French politics

French far-left leader Mélenchon 'proposes' 2022 bid for presidency

The leader of France’s far-left party France Unbowed, Jean-Luc Mélenchon has said he will run for president in 2022 – if he gets 150,000 signatures of support from citizens. His announcement sparked criticism from many MPs, including from his side of the political spectrum, who denounced a "selfish" move that would divide the left.

Jean-Luc Mélenchon, leader of the far-left party France Unbowed, (La France Insoumise) in 2017
Jean-Luc Mélenchon, leader of the far-left party France Unbowed, (La France Insoumise) in 2017 REUTERS/Philippe Wojazer

Jean-Luc Mélenchon, who stood in the 2012 and 2017 presidential elections, announced on TF1 television that he would run again in 2022 if he gets the 150,000 signatures.

National coordinator of the France Unbowed party (La France Insoumise, LFI) and MP in the north of France, Adrien Quatennens reported on Monday that Mélenchon had already garnered nearly 50,000 signatures on the online platform.

"All those people who criticise him, and say 150,000 votes are not enough, we’ll be watching them. When they’ve got their results, we’ll see what happens," he told public radio France Info.

Why 150,000 signatures?

Mélenchon says the number is not chosen randomly. It refers to the democratic process which requires each candidate to have 500 signatures from elected officials in order to launch a campaign.

His party has put forward a bill to parliament which proposes to collect the 500 mayors as well as 150,000 citizen signatures. It has not yet been signed into law.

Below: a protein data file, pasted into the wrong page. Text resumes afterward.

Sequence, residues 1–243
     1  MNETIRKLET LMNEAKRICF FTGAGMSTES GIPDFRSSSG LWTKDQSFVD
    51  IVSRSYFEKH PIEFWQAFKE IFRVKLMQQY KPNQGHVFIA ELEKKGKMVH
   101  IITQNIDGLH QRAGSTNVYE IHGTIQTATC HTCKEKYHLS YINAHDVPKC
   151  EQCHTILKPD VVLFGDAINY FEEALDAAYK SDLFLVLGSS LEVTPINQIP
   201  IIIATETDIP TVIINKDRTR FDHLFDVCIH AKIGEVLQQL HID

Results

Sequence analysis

"I support the idea that citizens should also be able to validate their candidate," he says.

According to recent opinion polls by Ifop-Fiducial for Le Journal de Dimanche, Mélenchon has slipped in popularity since his angry outburst, caught on camera, in 2018 when his offices were raided during an inquiry into illegal campaign funding.

He was at around 19.58 percent approval rating in 2017, which put him in fourth place in the presidential race.

But today, the poll puts him at only around 15 percent of voter intentions if he were to be the main left-wing contender -- far behind President Emmanuel Macron and Marine Le Pen.

"I don’t think going about it this way will help him win the presidential election," said former leader François Hollande.

Members of Mélenchon’s party have said that he intends to tackle abstentionism, by presenting himself as a “candidate who is close to the people, and who provides solutions to social, environmental and democratic crises."

Cold response from 'comrades'

However, his announcement has divided opinion among MPs, including leftists, who do not see Mélenchon as the man to bring together and represent the various parties.

EELV Green party spokesman Alain Coulombel criticised Mélenchon for his timing.

"In this situation with the major social and health crisis, frankly popular opinion is not focused on who will be candidate in 2022!"

Fabien Roussel, leader of the French communist party also pointed to Mélenchon’s ill-timed announcement.

"Jean-Luc Mélenchon has made his choice... The communists will make their choice in their own good time. For the moment, the priority is to deal with the pandemic, to fight on and defend our citizens," he said.

The socialist party accused Mélenchon, who split from their ranks in 2008, of being selfish and effectively "rolling out the red carpet for Macron".

"If the left and the greens want to win to win, they must work together," socialist leader Olivier Faure said, referring to the "Green" wave of support registered in the local elections earlier in 2020.

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